Geithner presses case for revamping corporate taxes
Treasury Secretary Timothy Geithner (File) / AP Photo/Susan Walsh
Presenting the Obama administration's plan to overhaul business taxes, U.S. Treasury Secretary Tim Geithner on Wednesday proposed lowering the top corporate income-tax rate from 35 percent to 28 percent, while eliminating dozens of tax breaks.
"The last time we fundamentally reformed the business tax code was more than 25 years ago," Geithner said in prepared remarks. "That was before the Internet, before the cell phone, before the rise of China and other emerging markets, before the latest expansion in global investment and trade, and before a global trend to lower corporate tax rates around the world. The current tax code was written for a different economy in a different era. It needs to be reformed and modernized."
The White House also would set a minimum tax on multinational corporations' overseas profits, a bid to discourage large U.S. companies from shifting operations abroad. The plan would offer an even larger tax cut for manufacturers, reducing the maximum effective rate -- how much businesses actually pay, rather than the nominal statutory rate -- to 25 percent. Tax preferences for energy companies, such as the right to deduct certain drilling costs associated with oil and gas exploration, also would be eliminated.
Obama would allow small businesses to expense up to $1 million in investments, an increase from the current limit of $500,000, and permit so-called cash accounting for companies with up to $10 million in annual gross receipts. Filing taxes also would be simplified in an effort to reduce compliance costs for smaller enterprises.
President Obama outlined the tax reform measures during his State of the Union address in January. In a statement today on the White House "framework" for corporate tax reform, he called the current system "outdated, unfair, and inefficient."
"That's why my administration released a framework for reform that simplifies the tax code, eliminates dozens of tax loopholes and subsidies, and promotes job creation right here at home," Obama said. "It's a framework that lowers the corporate tax rate and broadens the tax base in order to increase competitiveness for companies across the nation. It cuts tax rates even further for manufacturers that are creating new products and manufacturing goods here in America. Finally, because no company should be able to avoid paying its fair share of taxes by moving jobs and profits overseas, this framework includes a basic minimum tax for every multinational company."
Obama wants to revamp the corporate tax code while not increasing the federal deficit. Administration officials who shared details of the plan with reporters on Tuesday said it will not "add a dime to the deficit," according to Reuters. As a result, revenue raised by closing loopholes and subsidies for most businesses would largely go toward offsetting the cost of the new tax cuts for manufacturers and for additional incentives for research and development.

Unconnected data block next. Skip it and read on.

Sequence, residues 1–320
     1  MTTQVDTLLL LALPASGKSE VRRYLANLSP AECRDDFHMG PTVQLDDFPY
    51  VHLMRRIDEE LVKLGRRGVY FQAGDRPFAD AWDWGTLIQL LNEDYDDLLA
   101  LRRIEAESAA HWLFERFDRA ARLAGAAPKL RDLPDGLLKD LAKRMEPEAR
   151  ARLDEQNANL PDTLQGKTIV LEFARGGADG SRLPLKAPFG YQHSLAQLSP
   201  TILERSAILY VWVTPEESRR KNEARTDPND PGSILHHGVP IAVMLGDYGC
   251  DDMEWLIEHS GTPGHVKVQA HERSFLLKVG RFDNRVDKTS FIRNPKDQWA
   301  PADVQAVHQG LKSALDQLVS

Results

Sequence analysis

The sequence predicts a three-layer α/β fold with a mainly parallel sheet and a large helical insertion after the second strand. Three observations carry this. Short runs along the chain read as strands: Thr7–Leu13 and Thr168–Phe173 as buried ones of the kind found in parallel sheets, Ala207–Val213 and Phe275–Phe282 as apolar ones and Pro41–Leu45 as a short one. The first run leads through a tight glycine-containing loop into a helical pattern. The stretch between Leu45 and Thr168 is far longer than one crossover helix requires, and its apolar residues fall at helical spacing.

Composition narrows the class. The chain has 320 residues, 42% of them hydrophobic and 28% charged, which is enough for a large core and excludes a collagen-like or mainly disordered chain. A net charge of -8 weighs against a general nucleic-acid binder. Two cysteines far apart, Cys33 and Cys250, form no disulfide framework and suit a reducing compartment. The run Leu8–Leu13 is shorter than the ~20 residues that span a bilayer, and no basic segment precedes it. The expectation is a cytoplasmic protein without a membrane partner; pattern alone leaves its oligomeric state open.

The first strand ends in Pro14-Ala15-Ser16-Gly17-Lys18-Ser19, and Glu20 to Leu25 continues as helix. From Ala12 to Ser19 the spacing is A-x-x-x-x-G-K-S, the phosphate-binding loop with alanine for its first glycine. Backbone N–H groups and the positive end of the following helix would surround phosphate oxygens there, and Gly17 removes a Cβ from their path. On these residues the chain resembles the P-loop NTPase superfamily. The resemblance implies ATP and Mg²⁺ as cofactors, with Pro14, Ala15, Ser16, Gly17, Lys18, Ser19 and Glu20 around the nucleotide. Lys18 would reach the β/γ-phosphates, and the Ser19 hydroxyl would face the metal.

"The United States has a relatively narrow corporate tax base compared to other countries -- a tax base reduced by loopholes, tax expenditures, and tax planning," according to a document on the Treasury Department's website that laid out the case for changing the corporate tax code. "This is combined with a statutory corporate tax rate that will soon be the highest among advanced countries. As a result of this combination of a relatively narrow tax base and a high statutory tax rate, the U.S. tax system is uncompetitive and inefficient."
Yet while the administration provided details on certain elements of the tax plan, it only laid down broad principles for other aspects of reform. For instance, the White House wants to establish greater rate parity between large corporations and smaller companies, with its blueprint framing that goal "as a way to help improve equity, reduce distortions in how businesses organize themselves, and finance lower tax rates." Yet the proposal offers no specifics on how to level the playing field for big and smaller businesses, noting only that a "variety of ways to do this have been proposed."
That unwillingness to flesh out major aspects of the proposal may be partly by design. It puts the onus for filling in what are crucial, and contentious, details for improving the nation's corporate tax system on Congress.
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